Placing that composite knowledge at the ready for native peoples without context made no sense.  Why would the native leadership accept something so far outside their world view and social experiences?  Datkas believed that his knowledge and experiences would exist in the spirit world for other healers and visionaries, through an animistic bonding of beasts and men.  How else to make this happen but through the wolf - brilliant!

Review submitted by Dr. C. Van Middlesworth, Kansas City, KS

My thanks to Mrs. Sandra Thomas of WV for emailing me this review of Voices Upon the Wind and giving me permission to reprint it on my blog.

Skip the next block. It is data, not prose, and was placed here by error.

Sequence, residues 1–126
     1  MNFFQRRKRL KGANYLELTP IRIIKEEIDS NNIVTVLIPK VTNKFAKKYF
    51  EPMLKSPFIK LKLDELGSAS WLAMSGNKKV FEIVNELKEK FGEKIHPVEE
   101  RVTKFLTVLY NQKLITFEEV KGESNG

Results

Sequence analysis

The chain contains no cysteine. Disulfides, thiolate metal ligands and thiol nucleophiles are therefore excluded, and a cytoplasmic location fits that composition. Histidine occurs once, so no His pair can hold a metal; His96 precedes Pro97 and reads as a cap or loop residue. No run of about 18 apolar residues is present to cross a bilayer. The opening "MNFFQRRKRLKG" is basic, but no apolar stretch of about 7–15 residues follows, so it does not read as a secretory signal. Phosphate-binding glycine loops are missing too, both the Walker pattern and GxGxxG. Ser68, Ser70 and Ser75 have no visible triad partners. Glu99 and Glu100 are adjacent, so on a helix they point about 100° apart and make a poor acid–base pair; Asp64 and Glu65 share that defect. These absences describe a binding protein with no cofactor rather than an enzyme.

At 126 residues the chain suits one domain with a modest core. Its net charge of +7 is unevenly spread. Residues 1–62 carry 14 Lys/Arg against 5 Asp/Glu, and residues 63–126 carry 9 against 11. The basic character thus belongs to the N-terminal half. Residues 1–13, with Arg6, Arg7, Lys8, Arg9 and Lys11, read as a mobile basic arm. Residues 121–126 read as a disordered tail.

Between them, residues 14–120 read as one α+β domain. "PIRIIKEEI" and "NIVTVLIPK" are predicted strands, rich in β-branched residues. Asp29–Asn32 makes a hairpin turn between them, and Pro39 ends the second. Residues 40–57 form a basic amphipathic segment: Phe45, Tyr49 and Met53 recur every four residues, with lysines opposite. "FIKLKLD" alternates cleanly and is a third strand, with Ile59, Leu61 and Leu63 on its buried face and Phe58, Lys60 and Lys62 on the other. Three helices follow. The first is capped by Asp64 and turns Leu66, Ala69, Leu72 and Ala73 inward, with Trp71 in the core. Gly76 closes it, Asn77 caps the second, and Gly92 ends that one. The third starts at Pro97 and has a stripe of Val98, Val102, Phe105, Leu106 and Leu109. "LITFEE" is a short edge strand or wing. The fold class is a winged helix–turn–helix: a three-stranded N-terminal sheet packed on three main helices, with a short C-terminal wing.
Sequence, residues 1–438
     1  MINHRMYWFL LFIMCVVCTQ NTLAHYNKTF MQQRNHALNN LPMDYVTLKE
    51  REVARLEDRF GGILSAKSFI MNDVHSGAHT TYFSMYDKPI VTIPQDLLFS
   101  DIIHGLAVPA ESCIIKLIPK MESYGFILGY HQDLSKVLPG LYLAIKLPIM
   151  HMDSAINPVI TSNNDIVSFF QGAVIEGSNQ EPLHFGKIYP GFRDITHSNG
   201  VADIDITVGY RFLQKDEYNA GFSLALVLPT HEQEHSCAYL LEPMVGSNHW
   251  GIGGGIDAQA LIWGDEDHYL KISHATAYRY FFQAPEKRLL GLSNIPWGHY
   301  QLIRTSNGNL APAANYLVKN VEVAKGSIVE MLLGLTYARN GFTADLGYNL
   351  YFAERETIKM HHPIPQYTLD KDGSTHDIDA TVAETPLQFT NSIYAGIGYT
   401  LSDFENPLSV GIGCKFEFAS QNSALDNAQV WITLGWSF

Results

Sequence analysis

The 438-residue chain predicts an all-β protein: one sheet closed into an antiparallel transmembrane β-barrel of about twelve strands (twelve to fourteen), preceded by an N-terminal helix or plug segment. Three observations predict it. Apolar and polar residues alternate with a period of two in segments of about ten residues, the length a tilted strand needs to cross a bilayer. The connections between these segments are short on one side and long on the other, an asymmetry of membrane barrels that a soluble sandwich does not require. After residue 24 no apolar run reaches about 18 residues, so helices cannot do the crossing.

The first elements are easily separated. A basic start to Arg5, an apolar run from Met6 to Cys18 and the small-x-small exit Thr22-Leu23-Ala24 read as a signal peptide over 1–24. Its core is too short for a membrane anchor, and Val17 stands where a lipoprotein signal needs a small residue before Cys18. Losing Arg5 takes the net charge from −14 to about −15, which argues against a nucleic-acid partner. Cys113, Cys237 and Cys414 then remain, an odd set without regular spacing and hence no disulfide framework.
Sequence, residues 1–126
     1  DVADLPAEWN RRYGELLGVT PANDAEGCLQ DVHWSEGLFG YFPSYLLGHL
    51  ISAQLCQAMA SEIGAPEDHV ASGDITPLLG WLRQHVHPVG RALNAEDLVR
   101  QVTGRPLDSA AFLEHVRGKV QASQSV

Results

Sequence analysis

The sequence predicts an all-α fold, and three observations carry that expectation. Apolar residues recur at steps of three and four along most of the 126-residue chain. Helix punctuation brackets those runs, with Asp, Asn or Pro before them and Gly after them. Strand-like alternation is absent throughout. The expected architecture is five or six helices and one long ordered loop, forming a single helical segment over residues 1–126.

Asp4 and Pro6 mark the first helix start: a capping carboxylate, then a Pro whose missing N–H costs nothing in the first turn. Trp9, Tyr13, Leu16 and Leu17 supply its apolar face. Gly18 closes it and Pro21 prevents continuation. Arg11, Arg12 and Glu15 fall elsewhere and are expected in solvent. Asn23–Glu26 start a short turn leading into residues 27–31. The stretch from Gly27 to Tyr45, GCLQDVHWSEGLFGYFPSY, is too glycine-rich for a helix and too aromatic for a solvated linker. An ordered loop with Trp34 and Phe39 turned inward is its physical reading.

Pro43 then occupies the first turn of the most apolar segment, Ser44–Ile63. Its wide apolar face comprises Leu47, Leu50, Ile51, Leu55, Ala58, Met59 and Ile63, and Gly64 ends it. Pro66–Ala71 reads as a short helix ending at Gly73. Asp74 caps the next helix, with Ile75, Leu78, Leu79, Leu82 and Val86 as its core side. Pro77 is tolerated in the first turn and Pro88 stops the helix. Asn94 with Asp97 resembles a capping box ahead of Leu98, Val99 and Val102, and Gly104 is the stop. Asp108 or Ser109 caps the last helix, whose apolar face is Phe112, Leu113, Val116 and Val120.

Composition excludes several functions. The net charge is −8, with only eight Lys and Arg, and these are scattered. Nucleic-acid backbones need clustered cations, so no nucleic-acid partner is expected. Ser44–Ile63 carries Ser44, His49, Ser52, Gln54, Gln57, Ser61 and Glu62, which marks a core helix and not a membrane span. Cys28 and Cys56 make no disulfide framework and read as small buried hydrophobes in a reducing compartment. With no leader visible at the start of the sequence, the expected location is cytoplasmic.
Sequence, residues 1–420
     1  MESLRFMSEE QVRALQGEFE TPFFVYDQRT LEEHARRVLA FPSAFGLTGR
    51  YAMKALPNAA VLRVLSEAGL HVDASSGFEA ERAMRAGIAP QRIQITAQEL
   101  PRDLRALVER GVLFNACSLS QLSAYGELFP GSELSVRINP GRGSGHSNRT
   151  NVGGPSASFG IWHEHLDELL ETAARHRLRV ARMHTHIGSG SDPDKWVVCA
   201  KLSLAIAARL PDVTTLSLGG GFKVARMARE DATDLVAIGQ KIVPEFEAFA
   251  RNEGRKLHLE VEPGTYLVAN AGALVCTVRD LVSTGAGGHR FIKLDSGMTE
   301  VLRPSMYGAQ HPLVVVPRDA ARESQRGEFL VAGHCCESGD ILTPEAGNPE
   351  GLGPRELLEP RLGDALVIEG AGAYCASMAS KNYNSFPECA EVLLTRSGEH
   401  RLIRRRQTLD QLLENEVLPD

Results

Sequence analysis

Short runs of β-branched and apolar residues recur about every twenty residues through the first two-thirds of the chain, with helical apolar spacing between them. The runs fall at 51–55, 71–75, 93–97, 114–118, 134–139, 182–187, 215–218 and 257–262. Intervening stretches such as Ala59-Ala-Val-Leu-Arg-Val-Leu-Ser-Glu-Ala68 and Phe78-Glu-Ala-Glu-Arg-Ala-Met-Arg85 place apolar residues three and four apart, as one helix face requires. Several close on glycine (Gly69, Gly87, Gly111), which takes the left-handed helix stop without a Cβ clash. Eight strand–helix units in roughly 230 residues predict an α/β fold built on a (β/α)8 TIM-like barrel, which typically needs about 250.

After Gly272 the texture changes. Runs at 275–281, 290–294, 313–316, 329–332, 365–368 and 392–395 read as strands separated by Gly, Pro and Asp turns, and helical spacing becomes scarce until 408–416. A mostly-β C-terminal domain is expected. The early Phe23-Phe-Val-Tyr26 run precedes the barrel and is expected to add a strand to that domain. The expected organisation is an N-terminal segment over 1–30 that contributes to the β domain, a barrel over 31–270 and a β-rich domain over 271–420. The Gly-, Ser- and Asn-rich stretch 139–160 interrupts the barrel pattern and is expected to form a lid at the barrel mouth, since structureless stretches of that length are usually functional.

A rewarding sequel with new surprises. Intrigued by the author's first novel, "The StoneBreakers", I chose to read the generational sequel, "Voices Upon the Wind", to find out what happened to the main characters to the first novel. After these loose ends are tied up fairly satisfactorily in the first chapter, Kuhn sets off on a new journey into a strange world of changing environments, unknown spirit forces, and a mixture of appealing new characters of both youth and wise old age. Something of a vision quest and coming of age type story follows, but with a new twist in which an alien environment that no longer exists for us almost becomes the real main character. The past comes alive for me with a character driven and tightly plotted journey across space and time that stands on its own legs and leaves the reader wondering what new ideas and insights this knowledgeable writer will share with us in other books.